As a driving force behind the industrialisation of quantum computing in Germany, we want to identify, develop, test and share its potential applications. Within their various development projects, our members are driving forward first practical applications in the field of quantum computing in their respective industries and also across sectors.

Quantum leaps

Our development projects

TRUMPF - optimized production planning for tomorrow’s metal processing.

Medium-sized industries like metal processing often rely on the human factor to get their production planning done. Together with QUTAC, machine tool and laser technology manufacturer TRUMPF is developing quantum computing-based applications that can make the sector more efficient. 

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Thomas Ehmer, Innovation Incubator Lead

Merck: Optimizing how Clinical Trials are Planned and Carried Out 

Clinical trials are an important step in getting new pharmaceuticals to market, but they are complex and rely on multiple interdependent factors. This makes it hard to plan them optimally. Attempts to optimize trial designs with conventional machine learning are hitting their limits. That’s why science and technology company Merck is testing the use of Bayesian networks and quantum computers – and reaching out to other experts in QUTAC.

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Gabriele Compostella, Quantum Computing Lead und Sheir Yarkoni, Quantencomputing-Experte bei der Volkswagen AG ©Volkswagen AG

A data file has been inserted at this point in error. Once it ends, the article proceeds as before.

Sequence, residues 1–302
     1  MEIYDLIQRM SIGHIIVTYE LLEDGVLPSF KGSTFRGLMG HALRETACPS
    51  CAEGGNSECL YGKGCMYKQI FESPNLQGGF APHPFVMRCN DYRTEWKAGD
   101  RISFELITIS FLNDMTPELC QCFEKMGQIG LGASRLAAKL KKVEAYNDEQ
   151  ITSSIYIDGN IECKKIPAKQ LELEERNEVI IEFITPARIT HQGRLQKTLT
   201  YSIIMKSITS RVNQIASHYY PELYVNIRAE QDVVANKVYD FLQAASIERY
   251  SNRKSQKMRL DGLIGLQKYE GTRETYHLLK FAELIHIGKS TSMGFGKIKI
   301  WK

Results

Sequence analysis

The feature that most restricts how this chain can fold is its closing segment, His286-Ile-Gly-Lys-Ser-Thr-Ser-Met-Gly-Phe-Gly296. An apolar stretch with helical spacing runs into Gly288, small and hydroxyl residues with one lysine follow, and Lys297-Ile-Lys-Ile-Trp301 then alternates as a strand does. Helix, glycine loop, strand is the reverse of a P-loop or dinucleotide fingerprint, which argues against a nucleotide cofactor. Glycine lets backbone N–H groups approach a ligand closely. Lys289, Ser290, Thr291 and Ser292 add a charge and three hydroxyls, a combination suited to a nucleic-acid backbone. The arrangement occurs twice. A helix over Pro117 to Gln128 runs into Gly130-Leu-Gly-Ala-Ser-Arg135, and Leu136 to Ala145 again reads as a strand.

Volkswagen: Optimizing paint shops at automobile production plants

At first glance, modern car manufacturing seems streamlined and efficient, yet when we take a closer look, there are many opportunities for optimization. With the help of quantum computing, Volkswagen Group intends to realize this potential – freeing up time, minimizing waste, and saving money. In short: turning quantum computing into tangible business value.

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Lilly Palackal, Quantum Algorithms Team Lead in Supply Chain Innovation, und Dr. Hans Ehm, Senior Principal Supply Chain Management bei Infineon

Infineon: Harnessing quantum computing to optimize supply chains

The semiconductor industry is characterized by its global supply chains. These are a complex network, and achieving optimal results is a challenge, even for established industry players like Infineon. With a leading position to maintain, Infineon has its sights set on one of the key technologies for the future: quantum computing.

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Picture of Andreas Nawroth

Munich Re: Understanding, calculating and hedging complex risks

At Munich Re, Andreas Nawroth and his team are researching quantum technology applications for modern route planning. This way, they are helping to make Germany a pioneer in quantum technology – and to protect companies more intelligently against economic losses in the future.

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BASF: How quantum computing can help develop chemical catalysts

With the help of quantum computing, BASF intends to accelerate the development of new catalysts within polymer research. To do so, it is relying on a hybrid approach – and collaboration with QUTAC.

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Interviewpartner Clemens Utschig-Utschig, CTO Boehringer Ingelheim. © Boehringer Ingelheim Pharma GmbH & Co. KG.

Boehringer Ingelheim: A question of time

For the simulation of complex molecules, Boehringer Ingelheim CTO Clemens Utschig-Utschig also considers the potential of quantum computing. This way, extensive laboratory experiments may be reduced in the future – and with them the time needed to develop new drugs.

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